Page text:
|The Nauvoo Temple. What Joseph Smith restored here is the crown jewel of his theology.|
No, I’m not referring to the awesome book in the Collected Works of Hugh Nibley (although I would recommend you pick it up if you haven’t already). I’m instead referring to the terms used by John H. Walton (following Moshe Weinfeld) in his book Genesis 1 as Ancient Cosmology to describe the Sitz im Leben of Genesis 1: a temple text.
Though there is no explicit mention of a temple per se in the Genesis account, two items that are specifically mentioned help to connect the idea of temple in the ancient Near Eastern and biblical contexts: rest on the seventh day of creation and the Garden of Eden. (p. 179)
Mark Smith, in his discussion of the motif of the seven days of Genesis 1, concludes, with Hurowitz, that “creation in Genesis 1 uses the language of temple-building.” Regardless of whether Genesis 1 is understood as reflecting a temple-building account (like the building of Baal’s Temple in seven days) or a temple-inauguration account (like the temple inauguration in Gudea Cylinder B), the connection between Genesis 1 and temple imagery is confirmed. (p. 181)
This is creation as it was understood in the ancient Near East. Even in the biblical picture of creation in Genesis 1, the manner in which the material stuff of the cosmos came into being and the time involved in this process had little significance. . . . Creation takes place when the cosmos/temple is made functional for its human inhabitant by means of the presence of God. (p. 183)
The garden of Eden is not viewed by the author of Genesis simply as a piece of Mesopotamian farmland but as an archetypal sanctuary–––that is, a place where God dwells and where man should worship him. Many of the features of the garden may also be found in later sanctuaries particularly the tabernacle or Jerusalem temple. These parallels suggest that the garden itself is understood as a sort of sanctuary. (p. 184, quoting G. Wenham)
[Some of the parallels between the Garden of Eden and temples include:] Adam’s job [in the garden] is very like priestly duties; Adam and Eve are clothed specially, and the priests also wear special garments. . . . Temple complexes often featured gardens that symbolized the fertility provided by the deity [like the Garden of Eden]. (p. 185)
Because the creation narrative of Genesis refers to God’s resting at the conclusion and because the account is immediately followed with a description of the Garden of Eden, we can conclude that the cosmology of Genesis 1 is built on a platform of temple theology: both of these ideas–––rest and the garden–––are integral to the temple theology of the ancient world. . . . The evidence that has been presented thus far confirms that the temple in Israel was seen as a microcosmos, particularly through its identification with the symbolism of the Garden of Eden. (p. 187)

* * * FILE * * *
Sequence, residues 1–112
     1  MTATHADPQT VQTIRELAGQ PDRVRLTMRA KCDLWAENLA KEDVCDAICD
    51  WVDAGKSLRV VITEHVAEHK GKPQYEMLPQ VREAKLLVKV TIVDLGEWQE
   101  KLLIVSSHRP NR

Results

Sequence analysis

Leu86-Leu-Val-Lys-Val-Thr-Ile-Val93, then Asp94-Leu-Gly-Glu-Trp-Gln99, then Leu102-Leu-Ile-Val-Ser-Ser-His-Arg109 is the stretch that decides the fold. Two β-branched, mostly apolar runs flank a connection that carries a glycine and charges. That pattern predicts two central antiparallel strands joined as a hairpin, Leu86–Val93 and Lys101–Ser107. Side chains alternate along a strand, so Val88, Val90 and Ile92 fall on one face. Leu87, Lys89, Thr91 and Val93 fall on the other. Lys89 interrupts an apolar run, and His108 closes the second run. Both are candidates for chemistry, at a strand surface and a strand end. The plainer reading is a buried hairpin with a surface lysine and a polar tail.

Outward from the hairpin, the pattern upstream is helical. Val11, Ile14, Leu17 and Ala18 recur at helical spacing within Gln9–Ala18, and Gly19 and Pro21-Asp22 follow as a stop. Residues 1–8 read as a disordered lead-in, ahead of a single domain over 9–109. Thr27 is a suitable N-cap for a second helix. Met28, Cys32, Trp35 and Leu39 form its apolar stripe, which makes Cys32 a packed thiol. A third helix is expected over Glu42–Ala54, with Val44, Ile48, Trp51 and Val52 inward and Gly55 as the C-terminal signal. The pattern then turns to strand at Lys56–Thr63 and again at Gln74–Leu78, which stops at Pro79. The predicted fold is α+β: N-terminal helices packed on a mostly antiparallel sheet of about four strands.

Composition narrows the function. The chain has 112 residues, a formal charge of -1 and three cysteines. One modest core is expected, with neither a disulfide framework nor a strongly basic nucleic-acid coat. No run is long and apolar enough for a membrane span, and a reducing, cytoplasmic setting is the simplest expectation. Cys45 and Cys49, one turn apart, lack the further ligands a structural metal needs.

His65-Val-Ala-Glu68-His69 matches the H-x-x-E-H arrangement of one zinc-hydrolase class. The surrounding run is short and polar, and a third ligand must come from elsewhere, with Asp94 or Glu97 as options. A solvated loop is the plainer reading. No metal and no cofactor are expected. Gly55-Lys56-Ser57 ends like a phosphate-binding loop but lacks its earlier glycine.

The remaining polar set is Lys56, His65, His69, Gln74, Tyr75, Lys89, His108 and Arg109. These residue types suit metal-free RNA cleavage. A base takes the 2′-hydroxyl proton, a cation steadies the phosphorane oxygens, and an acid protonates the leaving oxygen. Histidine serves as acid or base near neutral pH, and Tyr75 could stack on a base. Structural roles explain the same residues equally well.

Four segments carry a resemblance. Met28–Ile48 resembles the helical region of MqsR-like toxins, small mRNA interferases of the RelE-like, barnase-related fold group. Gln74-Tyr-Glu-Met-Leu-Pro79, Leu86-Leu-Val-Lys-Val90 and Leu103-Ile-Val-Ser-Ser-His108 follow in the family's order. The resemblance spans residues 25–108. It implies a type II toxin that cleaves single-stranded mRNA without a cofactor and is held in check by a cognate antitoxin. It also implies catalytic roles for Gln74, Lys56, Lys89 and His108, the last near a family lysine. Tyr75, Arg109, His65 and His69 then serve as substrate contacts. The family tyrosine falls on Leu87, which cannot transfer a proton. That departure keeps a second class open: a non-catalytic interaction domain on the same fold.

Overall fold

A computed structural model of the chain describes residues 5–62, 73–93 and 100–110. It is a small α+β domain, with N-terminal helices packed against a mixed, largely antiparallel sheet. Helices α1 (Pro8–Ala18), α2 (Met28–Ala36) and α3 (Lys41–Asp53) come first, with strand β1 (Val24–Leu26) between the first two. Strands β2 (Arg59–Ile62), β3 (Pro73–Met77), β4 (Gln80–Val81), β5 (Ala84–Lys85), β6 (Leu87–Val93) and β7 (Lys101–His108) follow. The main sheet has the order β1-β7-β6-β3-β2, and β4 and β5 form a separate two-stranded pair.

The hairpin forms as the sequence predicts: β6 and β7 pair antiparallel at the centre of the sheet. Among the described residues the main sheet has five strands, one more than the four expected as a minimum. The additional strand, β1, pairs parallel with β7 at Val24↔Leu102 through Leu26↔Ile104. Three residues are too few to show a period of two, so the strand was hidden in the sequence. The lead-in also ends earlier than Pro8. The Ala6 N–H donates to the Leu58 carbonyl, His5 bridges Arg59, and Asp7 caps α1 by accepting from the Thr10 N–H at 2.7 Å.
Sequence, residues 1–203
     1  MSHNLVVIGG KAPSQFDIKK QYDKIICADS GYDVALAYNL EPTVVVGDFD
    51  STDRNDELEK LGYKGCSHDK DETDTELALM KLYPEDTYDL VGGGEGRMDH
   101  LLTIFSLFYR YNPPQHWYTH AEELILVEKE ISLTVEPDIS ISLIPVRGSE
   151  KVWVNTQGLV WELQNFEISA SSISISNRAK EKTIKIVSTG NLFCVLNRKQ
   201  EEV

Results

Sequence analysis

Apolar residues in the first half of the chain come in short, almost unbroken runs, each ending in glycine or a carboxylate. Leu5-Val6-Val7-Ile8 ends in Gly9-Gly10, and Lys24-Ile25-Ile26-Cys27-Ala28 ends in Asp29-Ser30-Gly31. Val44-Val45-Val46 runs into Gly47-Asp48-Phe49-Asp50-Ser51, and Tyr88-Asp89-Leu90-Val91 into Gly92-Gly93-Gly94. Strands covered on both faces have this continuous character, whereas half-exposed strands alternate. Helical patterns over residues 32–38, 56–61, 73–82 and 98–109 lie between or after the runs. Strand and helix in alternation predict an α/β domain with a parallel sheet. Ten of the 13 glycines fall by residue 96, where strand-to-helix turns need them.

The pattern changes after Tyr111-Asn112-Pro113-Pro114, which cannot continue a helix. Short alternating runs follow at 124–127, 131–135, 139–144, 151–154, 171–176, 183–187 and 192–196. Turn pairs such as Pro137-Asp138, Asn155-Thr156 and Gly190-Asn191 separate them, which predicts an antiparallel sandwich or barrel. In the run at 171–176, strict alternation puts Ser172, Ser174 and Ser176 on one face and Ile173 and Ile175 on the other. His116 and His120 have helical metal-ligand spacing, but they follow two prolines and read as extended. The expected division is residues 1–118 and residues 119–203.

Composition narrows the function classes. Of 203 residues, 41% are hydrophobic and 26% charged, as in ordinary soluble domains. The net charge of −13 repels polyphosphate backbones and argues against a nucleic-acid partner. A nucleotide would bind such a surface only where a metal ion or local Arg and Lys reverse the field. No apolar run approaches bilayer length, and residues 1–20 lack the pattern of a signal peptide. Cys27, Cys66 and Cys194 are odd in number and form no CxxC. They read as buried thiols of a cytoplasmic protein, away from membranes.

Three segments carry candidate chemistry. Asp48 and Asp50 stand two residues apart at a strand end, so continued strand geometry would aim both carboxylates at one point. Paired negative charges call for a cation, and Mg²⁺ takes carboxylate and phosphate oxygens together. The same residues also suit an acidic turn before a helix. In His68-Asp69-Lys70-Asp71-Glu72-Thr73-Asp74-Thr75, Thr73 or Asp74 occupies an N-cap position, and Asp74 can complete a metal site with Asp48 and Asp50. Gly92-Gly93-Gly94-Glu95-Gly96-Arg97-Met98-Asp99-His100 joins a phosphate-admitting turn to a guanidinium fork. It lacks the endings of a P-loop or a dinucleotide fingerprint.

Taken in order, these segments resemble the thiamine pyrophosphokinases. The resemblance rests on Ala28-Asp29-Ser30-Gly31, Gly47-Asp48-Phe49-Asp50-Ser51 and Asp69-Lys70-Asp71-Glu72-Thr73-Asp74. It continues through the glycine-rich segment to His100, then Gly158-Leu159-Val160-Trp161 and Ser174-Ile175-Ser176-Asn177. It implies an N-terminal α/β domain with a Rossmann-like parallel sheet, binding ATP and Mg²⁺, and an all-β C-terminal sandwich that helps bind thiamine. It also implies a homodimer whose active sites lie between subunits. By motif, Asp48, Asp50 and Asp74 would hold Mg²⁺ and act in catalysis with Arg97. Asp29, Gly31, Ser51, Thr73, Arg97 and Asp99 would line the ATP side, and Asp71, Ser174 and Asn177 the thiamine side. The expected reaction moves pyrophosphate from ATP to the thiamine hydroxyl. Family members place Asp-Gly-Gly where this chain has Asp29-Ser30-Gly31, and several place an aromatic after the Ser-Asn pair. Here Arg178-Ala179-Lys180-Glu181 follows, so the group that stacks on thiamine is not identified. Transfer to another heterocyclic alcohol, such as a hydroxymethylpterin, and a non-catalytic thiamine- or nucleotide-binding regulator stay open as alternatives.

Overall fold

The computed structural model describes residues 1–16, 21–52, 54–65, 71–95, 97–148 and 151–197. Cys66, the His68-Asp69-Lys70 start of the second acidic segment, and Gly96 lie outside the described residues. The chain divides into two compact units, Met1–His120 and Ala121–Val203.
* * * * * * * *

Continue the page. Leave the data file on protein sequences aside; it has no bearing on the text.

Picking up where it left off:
Weinfeld’s seven points are as follows:
1. God’s dwelling in his sanctuary is considered as “rest”, parrallel to the concept of the sanctuary in the ancient Near East, and to the seventh day’s rest in Genesis.
2. The completion of the Tabernacle is parallel to the completion of the universe in Genesis.
3. The seventh day of completion appears both in the Tabernacle accounts and in the Creation stories.
4. Creation and Temple building in the ancient Near East are associated with and tied to the notion of enthronement.
5. Creation and the Enthronement of God are interrelated in the Old Testament.
6. The Sabbath and the enthronement of God are related together in Jewish liturgy.
7. The Sitz im Leben of Gen. 1:1–2:3 is to be sought in Temple liturgy. (p. 191)
Finally, this quote by Walton also stood out to me. (It sounds eerily Mormon, wouldn’t you say?)
In Genesis, the image of God has to do with rule and relationship to deity, but the rule is terrestrial rather than political, and the relationship presents humanity much like lower-echelon deities in the other cultures [of the ancient Near East]. (p. 196)
Small wonder, then, that Latter-day Saint temples also prominently feature the themes of creation and the Garden of Eden. Latter-day Saint temples are a restoration of ancient temples. (I can think of specific things in the Endowment that go back to ancient temples, but to preserve the sanctity of the Endowment I will not discuss them here.) Anyone who claims that Joseph Smith was just stealing his temple theology from the Freemasons, or that Latter-day Saint temples aren’t biblical, evidently hasn’t looked back at what the ancient Israelites (as well as the Egyptians, Canaanites, and Mesopotamians, for that matter) were cooking up in their temples.